ĀDAŽI, Latvia — Prime Minister Justin Trudeau promised Baltic leaders Tuesday that Canada will stand with them to fight the Kremlin's war on Ukraine and its cyberattacks on their countries.
Trudeau is in Latvia where he met privately with Prime Minister Krišjānis Kariņš, followed by an expanded session via teleconference with leaders from Estonia and Lithuania.
"You are literally on the front lines of this challenge with Russia," he said.
Russia's invasion of Ukraine is now in its 13th day. Trudeau said Russia has "weaponized" misinformation not only against Ukraine but in all "democracies around the West."
"Quite frankly, you have been living not just with the military threat, not just with the history of occupation … but also, the daily use of propaganda and disinformation to try and undermine the democracy and the values you have," Trudeau said.
He later visited the Ādaži Military Base with NATO Secretary-General Jens Stoltenberg. The base, northeast of Riga, is where NATO troops are stationed in a mission led by several hundred Canadians.
They were joined by Defence Minister Anita Anand, Spanish Prime Minister Pedro Sánchez, and Canadian defence chief Gen. Wayne Eyre for a tour of a massive battlefield scattered with a dozen heavy tanks and artillery pieces.
They met Canadian troops and their allies that had been war gaming live combat exercises for the last eight days.
"It shows the unity of the world standing together," Trudeau told a group of Canadian troops, clad in combat fatigues and green face paint.
"Having a whole bunch of flags beside each other in the field" is a challenge, he added, but he praised the soldiers for setting an example for the world by working so well with their allies.
Navigating dirt that was a times ankle deep, the entourage visited with soldiers from the 10 NATO countries that are stationed here.
"They see renewed purpose. It's the front line of freedom," Eyre said.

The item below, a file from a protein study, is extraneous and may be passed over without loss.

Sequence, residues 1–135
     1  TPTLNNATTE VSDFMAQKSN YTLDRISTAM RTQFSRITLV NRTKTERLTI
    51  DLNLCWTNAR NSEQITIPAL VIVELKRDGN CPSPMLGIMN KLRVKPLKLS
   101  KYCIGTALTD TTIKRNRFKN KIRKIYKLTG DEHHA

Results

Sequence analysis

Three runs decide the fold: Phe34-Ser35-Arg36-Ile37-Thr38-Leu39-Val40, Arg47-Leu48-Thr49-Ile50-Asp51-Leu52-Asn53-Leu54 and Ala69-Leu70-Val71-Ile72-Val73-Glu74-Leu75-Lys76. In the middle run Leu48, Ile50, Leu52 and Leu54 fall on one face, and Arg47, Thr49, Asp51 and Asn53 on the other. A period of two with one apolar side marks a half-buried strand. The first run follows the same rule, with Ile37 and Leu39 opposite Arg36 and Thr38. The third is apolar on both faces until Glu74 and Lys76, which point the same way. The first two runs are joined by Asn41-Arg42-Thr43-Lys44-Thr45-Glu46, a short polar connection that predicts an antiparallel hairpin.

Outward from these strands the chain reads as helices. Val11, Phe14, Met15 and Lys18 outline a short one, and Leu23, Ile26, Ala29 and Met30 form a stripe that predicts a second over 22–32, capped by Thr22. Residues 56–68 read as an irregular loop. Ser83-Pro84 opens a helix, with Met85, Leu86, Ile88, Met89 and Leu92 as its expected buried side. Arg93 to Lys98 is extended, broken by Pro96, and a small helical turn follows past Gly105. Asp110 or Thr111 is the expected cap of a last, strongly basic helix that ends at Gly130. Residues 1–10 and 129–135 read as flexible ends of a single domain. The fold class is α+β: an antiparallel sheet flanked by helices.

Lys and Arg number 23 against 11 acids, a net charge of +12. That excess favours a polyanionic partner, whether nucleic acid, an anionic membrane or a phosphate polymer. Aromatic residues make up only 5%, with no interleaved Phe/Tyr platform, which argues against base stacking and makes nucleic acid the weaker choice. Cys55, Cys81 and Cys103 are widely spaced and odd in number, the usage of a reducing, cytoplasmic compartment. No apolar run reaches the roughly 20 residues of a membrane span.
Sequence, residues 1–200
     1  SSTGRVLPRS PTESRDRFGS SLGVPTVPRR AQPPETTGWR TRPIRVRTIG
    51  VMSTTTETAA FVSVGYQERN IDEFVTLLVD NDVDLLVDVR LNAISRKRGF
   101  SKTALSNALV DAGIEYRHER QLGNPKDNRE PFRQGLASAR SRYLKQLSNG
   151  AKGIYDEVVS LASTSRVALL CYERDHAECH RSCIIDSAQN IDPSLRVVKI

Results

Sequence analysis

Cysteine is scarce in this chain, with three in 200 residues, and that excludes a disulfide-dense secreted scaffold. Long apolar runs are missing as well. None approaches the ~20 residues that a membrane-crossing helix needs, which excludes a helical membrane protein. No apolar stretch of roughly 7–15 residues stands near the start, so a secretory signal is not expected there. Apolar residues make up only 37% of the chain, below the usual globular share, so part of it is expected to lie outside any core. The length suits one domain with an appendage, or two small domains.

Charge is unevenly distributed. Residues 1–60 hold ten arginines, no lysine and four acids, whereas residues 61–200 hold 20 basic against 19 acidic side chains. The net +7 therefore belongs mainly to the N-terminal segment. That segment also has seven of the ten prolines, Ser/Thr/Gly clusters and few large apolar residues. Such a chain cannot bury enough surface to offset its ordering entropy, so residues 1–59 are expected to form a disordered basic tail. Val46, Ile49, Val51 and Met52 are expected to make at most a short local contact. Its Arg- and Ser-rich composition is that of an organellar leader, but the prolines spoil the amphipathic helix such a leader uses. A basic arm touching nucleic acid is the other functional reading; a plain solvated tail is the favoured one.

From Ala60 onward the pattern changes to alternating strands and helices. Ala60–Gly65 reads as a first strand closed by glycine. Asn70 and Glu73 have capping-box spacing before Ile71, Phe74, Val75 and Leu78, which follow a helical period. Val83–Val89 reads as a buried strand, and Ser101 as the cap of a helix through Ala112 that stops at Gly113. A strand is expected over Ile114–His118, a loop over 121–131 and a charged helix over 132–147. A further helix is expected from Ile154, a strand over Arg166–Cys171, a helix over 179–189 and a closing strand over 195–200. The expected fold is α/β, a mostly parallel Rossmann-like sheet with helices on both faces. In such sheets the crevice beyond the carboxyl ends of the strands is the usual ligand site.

Trudeau asked questions of a Latvian commander from a hilltop bunker that overlooked the massive plain of rutted dirt.
Canada leads the NATO battle group in Latvia, which is part of NATO's long-standing deterrence efforts against Russia — a mission that taken on new significance in light of the Russian invasion.
It is one of four such efforts in the Baltics and Poland, designed to demonstrate the strength of the NATO alliance in the region against Russia.
Putin takes great offence at the NATO buildup on his country's borders. He has opposed NATO’s expansion into countries that were once in the sphere of the former Soviet Union.
Ukraine is not a NATO member but was seeking membership in the 30-country transatlantic alliance as well as closer ties with the European Union. Russia annexed Ukraine's Crimean Peninsula in 2014 after the overthrow of the Kremlin-backed administration in Kyiv.
That marked the most significant breach of Europe's borders since the Second World War — a milestone now eclipsed by Russia's invasion of Ukraine.
Trudeau said the ongoing show of unity among NATO allies and other democracies to back Ukraine is a critical part of bringing the crisis to a close.
Kariņš told Trudeau the Russian invasion did not succeed in "driving a wedge between Europe and North America, driving a wedge between NATO partners." Instead, he said, "the exact opposite" happened and there has been a "coming together of minds."
Trudeau told the Baltic leaders that Canada has the third largest population of Ukrainians in the world after Ukraine and Russia, "so we are deeply, deeply troubled and engaged by this conflict in Ukraine."
"We are demonstrating that, unlike what Putin thinks or mistakenly thought, democracies can and will defend not just themselves and their territory, but the principles and rules and the values that actually make us successful," Trudeau said.
His arrival in Riga came after a daylong visit to the United Kingdom for meetings with Prime Minister Boris Johnson and Dutch Prime Minister Mark Rutte. He is also to visit Poland and Germany later this week.
This report by The Canadian Press was first published March 8, 2022.
Mike Blanchfield, The Canadian Press